The interpretation of the millennium in the Apocalypse of John (Rev 20) has been contested throughout church history. Background and exegetical study of the text is indecisive; there really is no such thing as “the Bible says” on this one. So we have at least three options (pre-millennialism, amillennialism, post-millennialism) for interpreting this passage that are exegetically viable. Here is where a study of the fore-ground of the text, its earliest reception history or Wirkungsgeschichte, can illuminate our understanding of the passage.
Papias (60s?-155?) authored the five-volume Exposition of the Sayings of the Lord, of which we have only fragments preserved in other writings. According to Irenaeus (Adv. Haer. 5.33.4; late 2nd c.), Papias was a “hearer” of the apostle John and a companion of Polycarp, perhaps the most famous of John’s disciples. Assuming this is accurate, this means that Papias had direct access to John’s teaching, and he might be uniquely qualified to comment on John’s teaching. Concerning the millennium of Revelation 20, then, we are told (by Eusebius, H. E. 3.39.12) this about Papias: “Among other things he says that there will be a period of a thousand years after the resurrection of the dead when the kingdom of Christ will be set up in material form on this earth.” Eusebius, an amillennialist, thought Papias an idiot in this regard, reflecting the ascendancy of amillennialism in especially the third century. Be that as it may, here we have strong evidence that Papias, a “hearer” of John, interpreted Revelation 20 in a pre-millennial fashion.
Justin Martyr (100-165?) might also be linked with the apostle John. His Dialogue with Trypho is presented as having taken place in Ephesus, where tradition holds that John lived out his days well into the 90s. This means it is very possible that Justin had access to the living memory of John through those who were students and disciples of the apostle. Appealing to John’s memory, Justin writes, “But I and others, who are right-minded Christians on all points, are assured that there will be a resurrection of the dead, and a thousand years in Jerusalem…” (Dial. Tryp. 80). Another link to John, another pre-millennial interpretation.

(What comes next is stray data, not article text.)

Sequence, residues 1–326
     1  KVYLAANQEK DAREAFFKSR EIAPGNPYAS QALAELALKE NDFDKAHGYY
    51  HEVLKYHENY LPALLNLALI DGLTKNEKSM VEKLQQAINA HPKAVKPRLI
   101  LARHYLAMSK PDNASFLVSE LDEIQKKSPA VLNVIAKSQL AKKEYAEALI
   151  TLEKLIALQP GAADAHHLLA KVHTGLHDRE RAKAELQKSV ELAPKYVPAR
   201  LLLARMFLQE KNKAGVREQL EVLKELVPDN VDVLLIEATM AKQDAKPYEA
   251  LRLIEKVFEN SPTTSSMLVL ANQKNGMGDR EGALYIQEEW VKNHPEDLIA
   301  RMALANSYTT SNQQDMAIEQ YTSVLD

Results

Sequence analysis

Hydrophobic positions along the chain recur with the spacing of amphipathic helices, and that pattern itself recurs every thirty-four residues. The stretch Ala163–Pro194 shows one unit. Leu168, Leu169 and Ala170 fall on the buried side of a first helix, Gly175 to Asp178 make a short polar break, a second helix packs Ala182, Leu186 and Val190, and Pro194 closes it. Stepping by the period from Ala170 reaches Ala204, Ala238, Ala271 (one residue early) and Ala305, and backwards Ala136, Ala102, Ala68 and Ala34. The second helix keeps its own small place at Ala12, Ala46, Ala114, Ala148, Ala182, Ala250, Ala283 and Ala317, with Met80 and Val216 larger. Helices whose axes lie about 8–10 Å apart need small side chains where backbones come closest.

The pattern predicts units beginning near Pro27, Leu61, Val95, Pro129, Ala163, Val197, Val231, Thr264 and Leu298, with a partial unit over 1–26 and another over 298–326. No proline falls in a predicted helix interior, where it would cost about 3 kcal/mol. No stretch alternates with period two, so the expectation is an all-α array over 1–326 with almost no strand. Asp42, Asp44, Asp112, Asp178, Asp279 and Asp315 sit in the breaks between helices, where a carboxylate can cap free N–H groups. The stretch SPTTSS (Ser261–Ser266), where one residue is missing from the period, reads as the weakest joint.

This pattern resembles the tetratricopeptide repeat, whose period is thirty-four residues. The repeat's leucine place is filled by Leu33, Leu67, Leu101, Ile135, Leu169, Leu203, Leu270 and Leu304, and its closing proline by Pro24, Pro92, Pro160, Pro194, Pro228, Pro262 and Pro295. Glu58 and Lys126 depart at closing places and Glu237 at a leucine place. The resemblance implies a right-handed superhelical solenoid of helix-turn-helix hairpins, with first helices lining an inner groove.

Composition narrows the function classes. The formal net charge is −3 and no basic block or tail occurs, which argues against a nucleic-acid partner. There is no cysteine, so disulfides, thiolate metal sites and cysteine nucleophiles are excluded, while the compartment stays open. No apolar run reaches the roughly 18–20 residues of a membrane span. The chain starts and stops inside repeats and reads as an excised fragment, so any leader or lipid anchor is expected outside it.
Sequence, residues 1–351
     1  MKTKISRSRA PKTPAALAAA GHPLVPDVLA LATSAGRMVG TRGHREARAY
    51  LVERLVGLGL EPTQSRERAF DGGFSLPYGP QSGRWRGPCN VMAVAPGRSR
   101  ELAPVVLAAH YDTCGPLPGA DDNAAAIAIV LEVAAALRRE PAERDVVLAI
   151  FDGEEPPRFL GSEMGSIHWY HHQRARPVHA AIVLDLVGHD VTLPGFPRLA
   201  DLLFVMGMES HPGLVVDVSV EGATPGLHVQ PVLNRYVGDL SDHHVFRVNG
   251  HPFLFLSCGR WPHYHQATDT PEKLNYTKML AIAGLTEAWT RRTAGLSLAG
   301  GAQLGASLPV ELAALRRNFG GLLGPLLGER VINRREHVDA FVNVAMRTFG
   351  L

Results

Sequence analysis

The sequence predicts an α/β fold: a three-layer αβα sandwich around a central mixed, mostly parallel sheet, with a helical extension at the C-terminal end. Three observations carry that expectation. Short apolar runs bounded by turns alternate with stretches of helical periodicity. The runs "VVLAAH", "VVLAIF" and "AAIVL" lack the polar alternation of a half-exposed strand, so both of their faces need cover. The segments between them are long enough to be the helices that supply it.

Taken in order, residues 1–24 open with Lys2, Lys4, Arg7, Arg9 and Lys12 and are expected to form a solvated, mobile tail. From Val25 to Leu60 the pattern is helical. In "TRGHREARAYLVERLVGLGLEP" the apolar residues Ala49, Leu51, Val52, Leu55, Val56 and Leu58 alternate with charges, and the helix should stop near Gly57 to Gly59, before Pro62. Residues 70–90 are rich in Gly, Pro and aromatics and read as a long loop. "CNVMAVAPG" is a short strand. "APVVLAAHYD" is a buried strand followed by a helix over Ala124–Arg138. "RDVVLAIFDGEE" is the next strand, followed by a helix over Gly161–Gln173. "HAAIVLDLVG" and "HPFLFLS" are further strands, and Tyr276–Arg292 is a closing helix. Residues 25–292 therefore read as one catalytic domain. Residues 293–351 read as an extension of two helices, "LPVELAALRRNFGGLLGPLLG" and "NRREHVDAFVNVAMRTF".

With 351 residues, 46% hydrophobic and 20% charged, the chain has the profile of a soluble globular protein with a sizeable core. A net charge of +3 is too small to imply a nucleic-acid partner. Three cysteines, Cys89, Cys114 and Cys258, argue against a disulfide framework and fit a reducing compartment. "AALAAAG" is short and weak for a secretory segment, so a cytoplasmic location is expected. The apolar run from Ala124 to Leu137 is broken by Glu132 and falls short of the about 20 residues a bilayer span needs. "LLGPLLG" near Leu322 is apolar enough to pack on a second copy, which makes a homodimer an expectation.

The Didache, Epistle of Barnabas, and Irenaeus of Lyons also offer potential early support for the dominance of pre-millennial interpretation in early Christianity. Yet it is this evidence, resulting from access to the living memory of the apostle John, that I find very interesting. Of course, it is possible that the traditions are wrong or there’s some grand conspiracy at work, but Occam’s Razor suggests otherwise. This apostolic memory is not an infallible guide for interpretation, but I suggest it should count as significant evidence.